However, it’s hard to do that when you see excessive commercialism — America is the leading consumer nation — as a societal problem.

Our affulence seems to be making people less caring, not more. As an example, volunteerism is down across the country.

We somehow think that things are going to make us happy and, like dragons hoarding their gold, we collect treasures and jealously guard them.

We run up credit cards that endanger our long-term security to buy the perfect gadget that is “what we always wanted, and such a good bargain, too.”

The expansion of technology has led to more and more “must have” goods and planned obsolescence.

Perhaps the bright spot of the holidays is that, for one short month of the year, people remember that there are troops in harm’s way overseas, that people are going hungry in the streets and that children in the foster care system are going through the trauma of being ripped away from a dysfunctional family.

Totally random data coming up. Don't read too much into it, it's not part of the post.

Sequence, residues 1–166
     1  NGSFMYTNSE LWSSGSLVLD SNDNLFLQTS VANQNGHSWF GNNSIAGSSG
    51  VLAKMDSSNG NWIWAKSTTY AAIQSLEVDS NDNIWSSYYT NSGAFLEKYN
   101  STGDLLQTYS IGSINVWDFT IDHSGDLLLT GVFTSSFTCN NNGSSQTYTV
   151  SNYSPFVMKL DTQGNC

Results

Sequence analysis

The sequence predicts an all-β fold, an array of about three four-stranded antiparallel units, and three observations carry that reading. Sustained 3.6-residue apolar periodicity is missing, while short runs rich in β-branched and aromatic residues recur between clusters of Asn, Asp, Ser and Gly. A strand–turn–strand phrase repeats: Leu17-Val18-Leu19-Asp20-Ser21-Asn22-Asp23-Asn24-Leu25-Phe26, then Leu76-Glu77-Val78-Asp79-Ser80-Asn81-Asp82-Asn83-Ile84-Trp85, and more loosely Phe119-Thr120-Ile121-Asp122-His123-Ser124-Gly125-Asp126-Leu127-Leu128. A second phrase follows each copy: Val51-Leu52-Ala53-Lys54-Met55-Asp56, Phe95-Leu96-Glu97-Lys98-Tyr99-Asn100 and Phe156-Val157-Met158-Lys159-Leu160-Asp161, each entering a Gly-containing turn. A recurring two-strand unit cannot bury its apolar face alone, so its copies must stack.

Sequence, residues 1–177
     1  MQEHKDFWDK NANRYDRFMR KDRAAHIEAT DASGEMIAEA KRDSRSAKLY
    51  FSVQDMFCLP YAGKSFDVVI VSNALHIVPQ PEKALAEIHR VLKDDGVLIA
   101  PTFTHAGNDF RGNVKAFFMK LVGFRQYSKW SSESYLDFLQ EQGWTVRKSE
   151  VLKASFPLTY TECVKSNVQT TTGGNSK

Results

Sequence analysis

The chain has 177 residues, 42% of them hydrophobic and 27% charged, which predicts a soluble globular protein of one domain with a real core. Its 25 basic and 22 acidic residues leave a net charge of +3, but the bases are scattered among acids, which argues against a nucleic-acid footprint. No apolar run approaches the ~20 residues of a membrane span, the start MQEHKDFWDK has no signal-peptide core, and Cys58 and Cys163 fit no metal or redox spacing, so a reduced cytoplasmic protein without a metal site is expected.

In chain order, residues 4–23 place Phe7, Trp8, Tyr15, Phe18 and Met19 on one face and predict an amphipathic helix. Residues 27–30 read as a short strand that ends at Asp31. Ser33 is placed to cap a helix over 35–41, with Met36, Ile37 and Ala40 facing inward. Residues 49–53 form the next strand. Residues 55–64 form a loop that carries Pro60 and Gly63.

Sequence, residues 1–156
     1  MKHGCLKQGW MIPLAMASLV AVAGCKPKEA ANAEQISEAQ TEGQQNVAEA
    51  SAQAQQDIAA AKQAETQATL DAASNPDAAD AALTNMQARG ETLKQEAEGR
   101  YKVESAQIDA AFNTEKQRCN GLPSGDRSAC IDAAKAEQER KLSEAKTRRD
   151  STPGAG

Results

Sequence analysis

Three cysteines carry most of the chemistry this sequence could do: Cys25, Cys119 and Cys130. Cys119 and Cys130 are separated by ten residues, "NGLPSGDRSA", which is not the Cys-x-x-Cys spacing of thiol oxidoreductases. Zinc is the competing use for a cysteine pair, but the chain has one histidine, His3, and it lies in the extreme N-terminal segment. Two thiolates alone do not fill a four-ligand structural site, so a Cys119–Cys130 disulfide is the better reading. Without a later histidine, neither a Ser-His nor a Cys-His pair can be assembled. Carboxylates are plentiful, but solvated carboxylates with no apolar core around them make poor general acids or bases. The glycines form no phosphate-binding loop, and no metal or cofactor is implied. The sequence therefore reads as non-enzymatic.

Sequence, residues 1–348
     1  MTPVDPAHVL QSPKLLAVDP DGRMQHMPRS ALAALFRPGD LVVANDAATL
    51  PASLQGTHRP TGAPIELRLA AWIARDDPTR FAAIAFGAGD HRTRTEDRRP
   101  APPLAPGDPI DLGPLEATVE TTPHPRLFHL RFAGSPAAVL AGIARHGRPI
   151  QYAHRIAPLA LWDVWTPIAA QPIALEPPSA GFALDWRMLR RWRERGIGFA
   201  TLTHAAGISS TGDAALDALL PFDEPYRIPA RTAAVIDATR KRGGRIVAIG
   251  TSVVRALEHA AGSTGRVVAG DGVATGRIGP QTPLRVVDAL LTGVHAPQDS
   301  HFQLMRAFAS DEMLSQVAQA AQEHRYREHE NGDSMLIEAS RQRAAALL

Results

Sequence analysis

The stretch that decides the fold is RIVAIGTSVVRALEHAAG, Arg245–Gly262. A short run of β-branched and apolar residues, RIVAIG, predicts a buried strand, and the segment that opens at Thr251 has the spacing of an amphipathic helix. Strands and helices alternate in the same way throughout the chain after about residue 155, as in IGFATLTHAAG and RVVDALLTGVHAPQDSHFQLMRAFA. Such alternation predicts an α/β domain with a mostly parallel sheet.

For this snapshot in time, people want to help others in need, or in harm’s way, and it is beautiful to see.

However, I am the mother of a combat veterans and have often wondered why people don’t feel as compelled to support our troops the rest of the year.

Wouldn’t it be spectacular if we, as a nation, committed to spending less on ourselves and more on others year-round?

If, instead of heaping gifts on people at Christmas time, we looked for opportunities to do random acts of kindness every day?

Investing regularly in others would keep the economy stable and have the added benefit of building relationships that endure and meeting societal needs. Plus, we get to grow as compassionate human beings.

— RaeLynn Ricarte